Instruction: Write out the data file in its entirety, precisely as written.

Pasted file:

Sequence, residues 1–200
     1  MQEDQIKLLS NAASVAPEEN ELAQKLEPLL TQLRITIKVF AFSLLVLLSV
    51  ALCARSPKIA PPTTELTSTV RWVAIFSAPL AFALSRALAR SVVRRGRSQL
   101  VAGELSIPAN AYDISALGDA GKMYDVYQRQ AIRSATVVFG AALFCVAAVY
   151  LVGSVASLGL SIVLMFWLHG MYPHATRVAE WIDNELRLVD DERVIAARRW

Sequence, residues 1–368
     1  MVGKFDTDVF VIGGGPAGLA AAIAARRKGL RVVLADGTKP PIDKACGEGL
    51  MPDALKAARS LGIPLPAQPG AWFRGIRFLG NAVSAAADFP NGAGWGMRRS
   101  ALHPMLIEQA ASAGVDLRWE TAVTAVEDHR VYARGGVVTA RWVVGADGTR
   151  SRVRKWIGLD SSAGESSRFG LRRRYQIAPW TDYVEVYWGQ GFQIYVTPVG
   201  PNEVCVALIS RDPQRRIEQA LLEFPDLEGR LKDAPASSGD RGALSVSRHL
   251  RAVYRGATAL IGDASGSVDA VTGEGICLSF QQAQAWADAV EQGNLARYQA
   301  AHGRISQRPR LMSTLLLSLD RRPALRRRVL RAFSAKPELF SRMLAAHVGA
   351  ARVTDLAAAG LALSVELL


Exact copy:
Sequence, residues 1–200
     1  MQEDQIKLLS NAASVAPEEN ELAQKLEPLL TQLRITIKVF AFSLLVLLSV
    51  ALCARSPKIA PPTTELTSTV RWVAIFSAPL AFALSRALAR SVVRRGRSQL
   101  VAGELSIPAN AYDISALGDA GKMYDVYQRQ AIRSATVVFG AALFCVAAVY
   151  LVGSVASLGL SIVLMFWLHG MYPHATRVAE WIDNELRLVD DERVIAARRW

Sequence, residues 1–368
     1  MVGKFDTDVF VIGGGPAGLA AAIAARRKGL RVVLADGTKP PIDKACGEGL
    51  MPDALKAARS LGIPLPAQPG AWFRGIRFLG NAVSAAADFP NGAGWGMRRS
   101  ALHPMLIEQA ASAGVDLRWE TAVTAVEDHR VYARGGVVTA RWVVGADGTR
   151  SRVRKWIGLD SSAGESSRFG LRRRYQIAPW TDYVEVYWGQ GFQIYVTPVG
   201  PNEVCVALIS RDPQRRIEQA LLEFPDLEGR LKDAPASSGD RGALSVSRHL
   251  RAVYRGATAL IGDASGSVDA VTGEGICLSF QQAQAWADAV EQGNLARYQA
   301  AHGRISQRPR LMSTLLLSLD RRPALRRRVL RAFSAKPELF SRMLAAHVGA
   351  ARVTDLAAAG LALSVELL